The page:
Further, regarding the Cemetery Sites Transfer by Bright Success to Tang’s nominee, the Court also found that it was at a total undervalue of HK$1,595,455.84. Although it was not a transfer directly made by the Bankrupt, he suffered a diminution in value of his shares in Bright Success. The Court held that this should be taken into account in assessing the amount of undervalue.

What is meant by “significantly less”?

S.49(3) of the BO defines “undervalue” as “a consideration the value of which, in money or money’s worth, is significantly less than the value, in money or money’s worth, of the consideration provided by the debtor”. The Court confirmed that there is no hard and fast formula for determining what amounts to “significantly less”. It is a question of fact to be determined by the Court by comparing the absolute and relative values of the shortfall to see whether the consideration paid was significantly less than “what a reasonably well-informed purchaser was prepared to pay in an arm’s length negotiations”. The market price at time of the transaction would be a reasonable indicator for comparison.

In this case, the Court also considered the nature of transaction when doing the comparison. It stated that when the transaction value is at the lower end, the absolute difference should carry more weight; whereas at the higher end, the relative value should be more important to the Court’s determination.  According to previous cases and authorities cited, a 2.6% difference in a $700,000 transaction was not regarded as “significantly undervalue”, while a 15.5% shortfall was.

Disposition with intent to defraud creditors

The Trustees’ claim was also based on s.60 of the CPO, claiming that the Share Transfer Agreement shall be voidable for being dispositions made with intent to defraud creditors. In this case, since Tang had provided consideration for the Share Transfer, the Court applied the dictum of Ribeiro PJ in Tradepower (Holdings) Ltd v Tradepower (HK) Ltd FACV 5/2009 that:

…in cases where the disposition is made for valuable consideration, or where the disponor is not insolvent or where the disposition does not deplete the fund potentially available to the creditors, an actual intent to defraud creditors must be shown as an inference properly to be drawn on the available evidence before s.60 is engaged.

Hence, the Court held that the Trustees had the burden to show actual intent to defraud.

The Trustees argued, and the Court agreed, that the Bankrupt and Tang had a close and tight business relationship of being co-investors and co-directors of several companies over three decades. Tang had also heavily lent up to HK$530 million to help the Bankrupt with his finances. After his bankruptcy, Tang continuously supported the Bankrupt and his son by employing them and providing them a roof at one of her luxurious apartments.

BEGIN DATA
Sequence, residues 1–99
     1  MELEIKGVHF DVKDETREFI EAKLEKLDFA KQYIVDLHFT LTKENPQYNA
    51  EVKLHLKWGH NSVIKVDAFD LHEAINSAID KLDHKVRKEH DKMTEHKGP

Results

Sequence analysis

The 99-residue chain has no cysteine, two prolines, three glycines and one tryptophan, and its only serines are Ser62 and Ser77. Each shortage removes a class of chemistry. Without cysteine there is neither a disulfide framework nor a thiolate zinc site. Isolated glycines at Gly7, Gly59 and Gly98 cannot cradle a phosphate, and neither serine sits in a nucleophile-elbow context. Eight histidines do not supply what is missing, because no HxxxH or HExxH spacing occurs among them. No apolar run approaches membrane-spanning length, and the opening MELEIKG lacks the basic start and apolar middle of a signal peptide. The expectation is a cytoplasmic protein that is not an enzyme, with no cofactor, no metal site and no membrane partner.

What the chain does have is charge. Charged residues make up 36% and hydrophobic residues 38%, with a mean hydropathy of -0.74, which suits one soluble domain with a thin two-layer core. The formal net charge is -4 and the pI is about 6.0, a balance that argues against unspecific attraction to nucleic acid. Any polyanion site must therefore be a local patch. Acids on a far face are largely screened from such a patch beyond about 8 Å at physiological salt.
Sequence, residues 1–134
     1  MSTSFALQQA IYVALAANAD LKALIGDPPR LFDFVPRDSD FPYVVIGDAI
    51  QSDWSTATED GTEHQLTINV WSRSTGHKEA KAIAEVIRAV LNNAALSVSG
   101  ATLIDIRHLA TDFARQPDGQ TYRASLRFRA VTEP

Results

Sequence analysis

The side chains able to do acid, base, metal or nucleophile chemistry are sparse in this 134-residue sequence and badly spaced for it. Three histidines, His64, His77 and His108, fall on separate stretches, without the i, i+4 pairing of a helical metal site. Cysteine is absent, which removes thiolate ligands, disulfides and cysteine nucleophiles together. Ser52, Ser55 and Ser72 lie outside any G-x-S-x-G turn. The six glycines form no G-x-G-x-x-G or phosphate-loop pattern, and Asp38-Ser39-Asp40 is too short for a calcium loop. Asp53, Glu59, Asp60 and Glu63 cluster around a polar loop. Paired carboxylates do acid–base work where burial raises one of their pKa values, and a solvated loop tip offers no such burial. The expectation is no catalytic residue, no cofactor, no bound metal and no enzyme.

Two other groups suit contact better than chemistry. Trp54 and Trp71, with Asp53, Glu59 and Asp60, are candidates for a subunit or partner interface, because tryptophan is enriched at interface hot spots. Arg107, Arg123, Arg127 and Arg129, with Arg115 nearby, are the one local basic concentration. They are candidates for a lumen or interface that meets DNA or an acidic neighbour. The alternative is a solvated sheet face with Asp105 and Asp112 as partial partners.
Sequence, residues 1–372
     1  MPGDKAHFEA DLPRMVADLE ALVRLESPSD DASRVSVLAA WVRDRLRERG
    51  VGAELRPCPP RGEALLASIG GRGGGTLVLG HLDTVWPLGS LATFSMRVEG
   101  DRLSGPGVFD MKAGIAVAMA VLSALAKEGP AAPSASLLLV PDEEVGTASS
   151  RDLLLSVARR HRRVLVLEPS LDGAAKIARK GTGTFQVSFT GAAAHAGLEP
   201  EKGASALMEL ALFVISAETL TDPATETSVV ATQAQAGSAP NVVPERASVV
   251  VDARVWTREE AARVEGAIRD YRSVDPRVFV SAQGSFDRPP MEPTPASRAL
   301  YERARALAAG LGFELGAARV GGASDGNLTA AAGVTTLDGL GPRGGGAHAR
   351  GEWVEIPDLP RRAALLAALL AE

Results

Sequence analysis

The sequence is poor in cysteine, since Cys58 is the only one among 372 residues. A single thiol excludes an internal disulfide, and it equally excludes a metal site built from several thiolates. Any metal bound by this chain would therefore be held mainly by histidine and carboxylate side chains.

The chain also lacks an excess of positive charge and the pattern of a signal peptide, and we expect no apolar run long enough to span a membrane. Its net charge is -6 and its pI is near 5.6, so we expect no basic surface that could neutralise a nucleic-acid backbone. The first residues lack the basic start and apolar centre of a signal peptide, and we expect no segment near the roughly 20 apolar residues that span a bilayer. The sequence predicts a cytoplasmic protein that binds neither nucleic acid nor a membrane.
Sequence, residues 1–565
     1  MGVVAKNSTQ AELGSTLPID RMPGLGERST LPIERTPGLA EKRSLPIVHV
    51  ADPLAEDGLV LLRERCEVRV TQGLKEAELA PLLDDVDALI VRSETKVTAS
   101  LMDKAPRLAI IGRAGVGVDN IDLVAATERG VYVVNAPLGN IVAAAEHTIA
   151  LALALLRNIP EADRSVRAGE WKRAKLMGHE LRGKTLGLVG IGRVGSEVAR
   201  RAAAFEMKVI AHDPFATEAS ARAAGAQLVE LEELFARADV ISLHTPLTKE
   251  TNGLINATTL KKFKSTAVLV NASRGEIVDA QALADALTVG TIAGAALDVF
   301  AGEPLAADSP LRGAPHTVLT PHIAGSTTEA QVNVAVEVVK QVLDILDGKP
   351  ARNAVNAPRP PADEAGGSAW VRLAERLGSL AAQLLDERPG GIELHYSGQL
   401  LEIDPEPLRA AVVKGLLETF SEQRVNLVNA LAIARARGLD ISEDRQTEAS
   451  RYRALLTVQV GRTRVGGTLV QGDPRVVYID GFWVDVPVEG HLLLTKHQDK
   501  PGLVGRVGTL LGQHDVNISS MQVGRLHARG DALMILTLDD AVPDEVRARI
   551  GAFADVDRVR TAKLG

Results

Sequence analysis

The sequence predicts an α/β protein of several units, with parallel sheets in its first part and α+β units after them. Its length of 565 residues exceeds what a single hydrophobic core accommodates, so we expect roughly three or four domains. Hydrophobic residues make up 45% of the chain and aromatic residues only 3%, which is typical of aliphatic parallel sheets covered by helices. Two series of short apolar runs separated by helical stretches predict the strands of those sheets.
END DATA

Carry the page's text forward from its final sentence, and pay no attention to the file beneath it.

In view of these, the Court was convinced that both of them must have had prior knowledge of the failing financial conditions of the Bankrupt and his companies at time of the Agreement. The Court also inferred that the Bankrupt must be morally urged to reciprocate Tang’s support by making the Share Transfer Agreement, so that Tang could recover a substantial amount of debts and become the sole owner of Cheong Tai. Whereas for Tang, she showed an uncooperative attitude towards the Trustees’ investigation and repeatedly refused to provide information until threatened by two court summonses.  Moreover, she consolidated the two classes of shares in Cheong Tai, diluting the Bankrupt’s Class B shares so that they became no longer identifiable. The Court therefore believed she felt entitled to the Bankrupt’s gratitude and was attempting to hide the unwarranted benefits she obtained.

The Court’s Decision

The Court concluded that the transactions were made at a significant undervalue of some 79.37% (factoring in the illusory consideration) and also dispositions with intent to defraud creditors. As it was impossible to recover the diluted Class B shares in specie after the consolidation, to remedy the loss, Tang was ordered to repay the shortfall in consideration to the Bankrupt’s estate. The total shortfall was adjudged to be HK$47,622,868.84, which included (i) the illusory set-off portion of consideration amounting to HK$46,027,413 and (ii) the unreceived consideration consisted of the loss in value of the Bankrupt’s Bright Success shares  amounting to HK$1,595,455.84.

For enquiries, please contact our Litigation & Dispute Resolution Department:

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Important: The law and procedure on this subject are very specialised and complicated. This article is just a very general outline for reference and cannot be relied upon as legal advice in any individual case. If any advice or assistance is needed, please contact our solicitors.

Published by ONC Lawyers © 2019